I really enjoyed how the basic units moved in battle. They had a Ray Harryhausen feel to them as they jerked and stumbled forwards. It was great seeing them clashing in battle and swarming over the enemy. While having no ranged units their Dire Wolves are fast and easy to get early on meaning you have ways of harassing the enemy ranged units and maybe even forcing them from the field.
My favourite unit to play as however was the Varghulf that I got early on. While the Vagrheists were a powerful and interesting unit to play around with – one of the most deadly in the game – the Varghulf was my MVP. He was a wrecking ball of anger that ploughed into units that I’d tar-pitted with zombies and destroyed them in quick fashion.
These massive beasts are a great addition to the game and bring a whole new dynamic to the table, especially when it comes to some of the mounts Lords can get like Zombie Dragons. Speaking of new dynamics, it was really odd coming into the game and playing with an army that had an absence of ranged. It meant battles were a little slower but it gave more chance to play around with manoeuvring your army.
I didn’t get a lot of time to play around with heroes but I did get to use Mannfred and another general, a Necromancer, to great effect. They felt like heroes from the tabletop game where they were capable of swinging the balance with their spells and martial might BUT if left unattended would quickly be swamped and killed.
Spellcasters are devious foes to face as I found myself not being able to push through the lines of the enemy to get at enemy Necromancers. However, after a while I got to using my Dire Wolves more effectively and rushed them round for a little surprise.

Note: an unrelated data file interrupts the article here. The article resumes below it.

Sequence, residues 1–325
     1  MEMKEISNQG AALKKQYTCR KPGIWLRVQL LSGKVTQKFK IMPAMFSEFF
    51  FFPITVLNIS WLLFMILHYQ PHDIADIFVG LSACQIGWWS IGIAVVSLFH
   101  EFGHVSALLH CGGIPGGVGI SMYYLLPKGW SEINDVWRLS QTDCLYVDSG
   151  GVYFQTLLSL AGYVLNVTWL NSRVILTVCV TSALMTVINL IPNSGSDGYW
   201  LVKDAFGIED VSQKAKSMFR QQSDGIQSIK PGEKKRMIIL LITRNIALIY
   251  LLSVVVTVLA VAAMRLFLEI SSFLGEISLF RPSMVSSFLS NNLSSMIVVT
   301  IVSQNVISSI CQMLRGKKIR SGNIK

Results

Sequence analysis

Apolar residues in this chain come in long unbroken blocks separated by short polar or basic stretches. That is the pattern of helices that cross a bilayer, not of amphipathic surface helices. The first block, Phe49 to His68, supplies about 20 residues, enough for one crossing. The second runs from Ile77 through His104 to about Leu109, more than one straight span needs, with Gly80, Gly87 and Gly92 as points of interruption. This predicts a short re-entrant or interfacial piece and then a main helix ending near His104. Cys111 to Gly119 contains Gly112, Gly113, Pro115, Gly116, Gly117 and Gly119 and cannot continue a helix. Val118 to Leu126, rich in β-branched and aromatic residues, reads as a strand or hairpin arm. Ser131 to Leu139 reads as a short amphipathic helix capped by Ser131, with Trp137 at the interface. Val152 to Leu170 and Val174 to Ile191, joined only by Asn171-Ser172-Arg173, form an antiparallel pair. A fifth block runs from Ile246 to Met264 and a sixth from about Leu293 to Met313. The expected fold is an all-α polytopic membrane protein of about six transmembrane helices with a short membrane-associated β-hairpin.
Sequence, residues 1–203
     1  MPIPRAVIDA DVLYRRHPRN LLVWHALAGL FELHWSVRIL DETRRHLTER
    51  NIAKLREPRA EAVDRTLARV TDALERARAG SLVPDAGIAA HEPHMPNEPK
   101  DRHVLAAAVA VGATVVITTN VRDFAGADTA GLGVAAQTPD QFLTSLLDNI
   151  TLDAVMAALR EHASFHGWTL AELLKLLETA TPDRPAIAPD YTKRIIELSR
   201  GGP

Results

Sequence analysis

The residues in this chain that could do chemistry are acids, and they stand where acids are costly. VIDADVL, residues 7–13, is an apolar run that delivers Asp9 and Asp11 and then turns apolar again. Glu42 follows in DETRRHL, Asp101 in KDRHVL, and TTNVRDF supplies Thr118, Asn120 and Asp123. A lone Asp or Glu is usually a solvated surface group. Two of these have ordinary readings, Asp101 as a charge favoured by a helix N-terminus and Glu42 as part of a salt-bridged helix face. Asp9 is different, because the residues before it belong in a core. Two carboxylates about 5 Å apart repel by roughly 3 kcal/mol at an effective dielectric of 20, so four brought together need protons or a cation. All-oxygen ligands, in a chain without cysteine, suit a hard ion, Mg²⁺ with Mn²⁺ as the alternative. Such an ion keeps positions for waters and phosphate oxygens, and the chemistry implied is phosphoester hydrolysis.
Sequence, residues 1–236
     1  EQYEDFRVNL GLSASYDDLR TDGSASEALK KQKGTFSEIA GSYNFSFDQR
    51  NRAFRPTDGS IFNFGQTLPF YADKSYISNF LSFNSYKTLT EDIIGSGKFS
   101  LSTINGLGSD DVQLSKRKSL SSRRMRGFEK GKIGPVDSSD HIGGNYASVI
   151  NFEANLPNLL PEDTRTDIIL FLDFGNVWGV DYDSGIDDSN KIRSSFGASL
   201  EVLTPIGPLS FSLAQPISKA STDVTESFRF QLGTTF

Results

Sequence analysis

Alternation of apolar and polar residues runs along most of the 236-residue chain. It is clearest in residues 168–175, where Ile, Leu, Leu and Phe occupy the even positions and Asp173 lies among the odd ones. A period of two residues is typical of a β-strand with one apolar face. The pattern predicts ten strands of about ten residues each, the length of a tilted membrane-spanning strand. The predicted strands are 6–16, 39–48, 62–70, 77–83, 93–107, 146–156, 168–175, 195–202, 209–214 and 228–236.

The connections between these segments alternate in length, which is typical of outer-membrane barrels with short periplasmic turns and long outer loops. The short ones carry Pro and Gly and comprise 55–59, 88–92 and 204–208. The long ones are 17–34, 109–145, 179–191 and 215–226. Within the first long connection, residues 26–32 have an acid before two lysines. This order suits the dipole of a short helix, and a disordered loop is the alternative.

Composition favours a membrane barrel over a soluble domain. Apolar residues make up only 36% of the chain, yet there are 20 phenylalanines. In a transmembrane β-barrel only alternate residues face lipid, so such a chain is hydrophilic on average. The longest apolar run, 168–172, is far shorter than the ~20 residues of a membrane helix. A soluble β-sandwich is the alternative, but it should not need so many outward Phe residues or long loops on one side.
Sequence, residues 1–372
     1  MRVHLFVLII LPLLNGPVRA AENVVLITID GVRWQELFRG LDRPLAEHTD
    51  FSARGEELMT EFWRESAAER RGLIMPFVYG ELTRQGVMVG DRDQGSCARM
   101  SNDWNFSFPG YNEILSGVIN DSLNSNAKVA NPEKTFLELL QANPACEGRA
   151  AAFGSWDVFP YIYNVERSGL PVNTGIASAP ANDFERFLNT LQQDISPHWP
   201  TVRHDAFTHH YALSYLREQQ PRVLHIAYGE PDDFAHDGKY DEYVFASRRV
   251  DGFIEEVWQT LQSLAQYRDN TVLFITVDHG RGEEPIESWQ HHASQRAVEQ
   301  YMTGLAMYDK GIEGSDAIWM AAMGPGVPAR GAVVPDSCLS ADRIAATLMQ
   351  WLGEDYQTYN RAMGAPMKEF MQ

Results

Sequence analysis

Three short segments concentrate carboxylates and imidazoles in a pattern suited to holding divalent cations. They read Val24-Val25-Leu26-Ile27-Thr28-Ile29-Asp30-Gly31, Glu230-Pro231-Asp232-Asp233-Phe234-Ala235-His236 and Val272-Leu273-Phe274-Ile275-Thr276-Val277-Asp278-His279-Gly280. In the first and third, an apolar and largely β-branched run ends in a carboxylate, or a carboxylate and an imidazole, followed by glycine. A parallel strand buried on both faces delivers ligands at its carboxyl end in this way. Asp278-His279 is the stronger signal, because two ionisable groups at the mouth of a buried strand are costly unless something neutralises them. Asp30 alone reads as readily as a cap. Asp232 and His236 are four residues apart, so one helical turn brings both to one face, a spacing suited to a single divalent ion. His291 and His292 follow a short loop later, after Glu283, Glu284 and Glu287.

Heroes you can expect to play within the game include the likes of Banshees, Necromancers, Vampires and Wight Kings. Not only do they have effects on the Campaign Map, allowing you to assassinate heroes and work on spreading corruption, but they can also join you in battle and lend their support in the fighting. I love the idea of a proper Wight army – maybe we’ll even see Krell himself?
Overall playing as the Vampire Counts was rather fun indeed. I have dabbled with them a bit on the tabletop and I enjoy the thought of raising an aristocracy of the night. The campaign gameplay felt like it had enough intrigue in it to keep it interesting. Battles felt like they do on the tabletop with this tar pit of the undead fatiguing the enemy before you rush in with your heavy hitters and deliver the killing blow.
One thing that I know a few people were disappointed about at the event was that when they faced off against other races the zombies that were raised were still all human. Maybe this is something that can be changed before launch but it was a bit jarring to see humans standing up in the place of Orcs or Dwarfs – those kind of aesthetic touches can really bring the game to life and keep you absorbed.
I’m by no means an expert on all the computer mumbo-jumbo but I thought the game looked really good. The maps were interesting and very ‘Warhammer’ with plenty for fans to enjoy. The characters were all interesting and fitted within the theme too.
If anything this game just makes me yearn for the Old World of Warhammer. The choice of Mannfred as the leader of the Vampire Counts fits in well with how the story of Warhammer Fantasy was unfolding towards the End Times and he is an engaging character with a thirst (ha!) for power. A perfect leader next to Kemmler who works more within the shadows.
Alas, at least we’ll have this game to allow us to continue playing out those mighty clashes. If you have any more questions drop them in the comments below.
We shall see how it all looks at launch!
"Interestingly if you are able to sow the seeds of corruption within an enemy region and they leave it unchecked you might be able to force them into a vampire rebellion which lends more support to your cause..."
"Battles felt like they do on the tabletop with this tar pit of the undead fatiguing the enemy before you rush in with your heavy hitters and deliver the killing blow..."